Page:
Introduction: Serum procalcitonin (PCT) concentration could be increased in patients with renal dysfunction in the absence of bacterial infection. Objective: To determine the interactions among serum renal biomarkers of acute kidney injury (AKI) and serum PCT concentration, in patients admitted to the intensive care unit (ICU) due to lung influenza infection. Design: Secondary analysis of a prospective multicentre observational study. Setting: 148 Spanish ICUs. Patients: ICU patients admitted with influenza infection without bacterial co-infection. Clinical, laboratory and hemodynamic variables were recorded. AKI was classified as AKI I or II based on creatinine (Cr) concentrations (≥1.60–2.50 mg/dL and Cr ≥ 2.51–3.99 mg/dL, respectively). Patients with chronic renal disease, receiving renal replacement treatment or with Cr > 4 mg/dL were excluded. Spearman's correlation, simple and multiple linear regression analysis were performed. Interventions: None. Results: Out of 663 patients included in the study, 52 (8.2%) and 10 (1.6%) developed AKI I and II, respectively. Patients with AKI were significantly older, had more comorbid conditions and were more severally ill. PCT concentrations were higher in patients with AKI (2.62 [0.60–10.0] ng/mL vs. 0.40 [0.13–1.20] ng/mL, p = 0.002). Weak correlations between Cr/PCT (rho = 0.18) and Urea (U)/PCT (rho = 0.19) were identified. Simple linear regression showed poor interaction between Cr/U and PCT concentrations (Cr R 2 = 0.03 and U R 2 = 0.018). Similar results were observed during multiple linear regression analysis (Cr R 2 = 0.046 and U R 2 = 0.013). Conclusions: Although PCT concentrations were slightly higher in patients with AKI, high PCT concentrations are not explained by AKI and could be warning sign of a potential bacterial infection.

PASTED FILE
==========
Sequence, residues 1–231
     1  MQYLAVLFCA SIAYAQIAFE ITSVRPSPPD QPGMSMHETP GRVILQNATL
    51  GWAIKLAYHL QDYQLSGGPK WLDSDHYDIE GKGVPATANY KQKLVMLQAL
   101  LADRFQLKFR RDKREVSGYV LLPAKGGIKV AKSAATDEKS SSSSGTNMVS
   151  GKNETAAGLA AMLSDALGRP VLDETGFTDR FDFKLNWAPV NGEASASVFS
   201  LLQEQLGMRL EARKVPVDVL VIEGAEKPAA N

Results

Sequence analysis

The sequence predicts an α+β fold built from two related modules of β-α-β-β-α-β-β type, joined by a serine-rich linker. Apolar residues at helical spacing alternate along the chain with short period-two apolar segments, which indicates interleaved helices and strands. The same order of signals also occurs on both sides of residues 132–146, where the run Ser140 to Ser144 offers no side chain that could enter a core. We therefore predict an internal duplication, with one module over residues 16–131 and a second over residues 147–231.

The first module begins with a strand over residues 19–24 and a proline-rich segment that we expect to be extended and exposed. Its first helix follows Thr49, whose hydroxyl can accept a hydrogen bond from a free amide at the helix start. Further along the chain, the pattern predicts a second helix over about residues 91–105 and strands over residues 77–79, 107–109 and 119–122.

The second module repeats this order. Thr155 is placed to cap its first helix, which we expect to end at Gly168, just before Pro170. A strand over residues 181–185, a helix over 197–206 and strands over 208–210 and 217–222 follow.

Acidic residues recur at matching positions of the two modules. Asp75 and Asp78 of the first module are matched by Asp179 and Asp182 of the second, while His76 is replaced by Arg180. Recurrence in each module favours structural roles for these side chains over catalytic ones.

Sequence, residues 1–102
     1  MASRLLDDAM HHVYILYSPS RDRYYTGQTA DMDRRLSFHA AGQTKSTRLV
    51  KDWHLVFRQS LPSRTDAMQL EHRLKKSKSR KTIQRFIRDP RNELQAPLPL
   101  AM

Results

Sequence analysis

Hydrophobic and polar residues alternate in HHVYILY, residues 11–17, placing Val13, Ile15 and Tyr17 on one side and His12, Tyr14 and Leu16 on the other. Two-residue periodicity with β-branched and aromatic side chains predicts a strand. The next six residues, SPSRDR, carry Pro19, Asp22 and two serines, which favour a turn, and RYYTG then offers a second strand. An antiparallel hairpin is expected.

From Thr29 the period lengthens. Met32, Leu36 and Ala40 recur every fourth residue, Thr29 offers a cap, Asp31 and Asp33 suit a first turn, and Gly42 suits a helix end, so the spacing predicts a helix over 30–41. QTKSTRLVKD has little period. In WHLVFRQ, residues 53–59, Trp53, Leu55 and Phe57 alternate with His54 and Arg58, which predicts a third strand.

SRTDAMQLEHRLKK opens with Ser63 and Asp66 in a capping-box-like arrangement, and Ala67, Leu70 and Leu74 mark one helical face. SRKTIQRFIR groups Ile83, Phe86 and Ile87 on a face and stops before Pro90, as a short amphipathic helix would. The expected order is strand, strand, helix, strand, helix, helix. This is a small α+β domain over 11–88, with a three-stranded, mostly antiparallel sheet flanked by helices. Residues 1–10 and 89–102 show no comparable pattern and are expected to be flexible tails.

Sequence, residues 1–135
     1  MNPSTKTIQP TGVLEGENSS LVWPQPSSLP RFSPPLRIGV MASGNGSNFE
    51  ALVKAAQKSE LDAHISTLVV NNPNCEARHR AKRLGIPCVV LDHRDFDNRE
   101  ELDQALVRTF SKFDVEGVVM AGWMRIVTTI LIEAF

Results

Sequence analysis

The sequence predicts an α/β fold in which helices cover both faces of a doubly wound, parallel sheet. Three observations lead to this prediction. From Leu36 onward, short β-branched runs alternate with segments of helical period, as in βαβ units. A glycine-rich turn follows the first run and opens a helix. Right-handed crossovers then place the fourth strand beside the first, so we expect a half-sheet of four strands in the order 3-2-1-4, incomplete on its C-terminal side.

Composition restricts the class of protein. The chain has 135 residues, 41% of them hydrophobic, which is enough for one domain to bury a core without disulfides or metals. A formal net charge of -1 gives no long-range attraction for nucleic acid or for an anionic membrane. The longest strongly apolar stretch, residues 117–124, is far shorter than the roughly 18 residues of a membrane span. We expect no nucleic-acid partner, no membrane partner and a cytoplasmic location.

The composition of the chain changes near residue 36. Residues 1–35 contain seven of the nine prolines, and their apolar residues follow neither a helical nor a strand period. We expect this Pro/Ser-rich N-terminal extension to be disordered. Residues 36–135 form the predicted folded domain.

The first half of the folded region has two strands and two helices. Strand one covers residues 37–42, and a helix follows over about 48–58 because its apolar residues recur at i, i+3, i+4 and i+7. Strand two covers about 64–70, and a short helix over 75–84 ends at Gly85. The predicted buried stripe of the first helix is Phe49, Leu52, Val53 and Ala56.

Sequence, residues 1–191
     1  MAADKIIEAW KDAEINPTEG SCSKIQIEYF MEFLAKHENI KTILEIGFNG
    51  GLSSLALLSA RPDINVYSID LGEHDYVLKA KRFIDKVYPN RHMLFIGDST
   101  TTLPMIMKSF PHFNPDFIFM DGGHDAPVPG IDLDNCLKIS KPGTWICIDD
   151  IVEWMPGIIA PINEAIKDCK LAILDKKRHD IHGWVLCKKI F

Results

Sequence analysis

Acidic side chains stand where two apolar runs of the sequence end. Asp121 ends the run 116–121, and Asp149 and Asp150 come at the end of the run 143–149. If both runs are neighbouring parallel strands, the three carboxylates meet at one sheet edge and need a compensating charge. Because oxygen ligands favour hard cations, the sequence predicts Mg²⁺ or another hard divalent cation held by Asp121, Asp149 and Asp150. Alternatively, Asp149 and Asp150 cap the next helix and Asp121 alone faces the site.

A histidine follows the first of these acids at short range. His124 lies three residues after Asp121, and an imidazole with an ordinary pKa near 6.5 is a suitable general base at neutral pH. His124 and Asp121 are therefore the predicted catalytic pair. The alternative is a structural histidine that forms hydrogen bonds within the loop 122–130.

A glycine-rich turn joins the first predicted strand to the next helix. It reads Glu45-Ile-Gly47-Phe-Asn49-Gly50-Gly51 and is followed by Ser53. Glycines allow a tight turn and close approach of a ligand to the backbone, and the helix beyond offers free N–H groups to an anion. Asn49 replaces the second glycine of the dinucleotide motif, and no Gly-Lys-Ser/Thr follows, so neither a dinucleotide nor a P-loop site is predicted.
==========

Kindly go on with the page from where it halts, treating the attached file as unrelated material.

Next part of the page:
|Translated title of the contribution||Relationship between acute kidney injury and serum procalcitonin (PCT) concentration in critically ill patients with influenza infection|
|Number of pages||10|
|State||Published - Oct 2018|
- Renal dysfunction
ASJC Scopus subject areas
- Critical Care and Intensive Care Medicine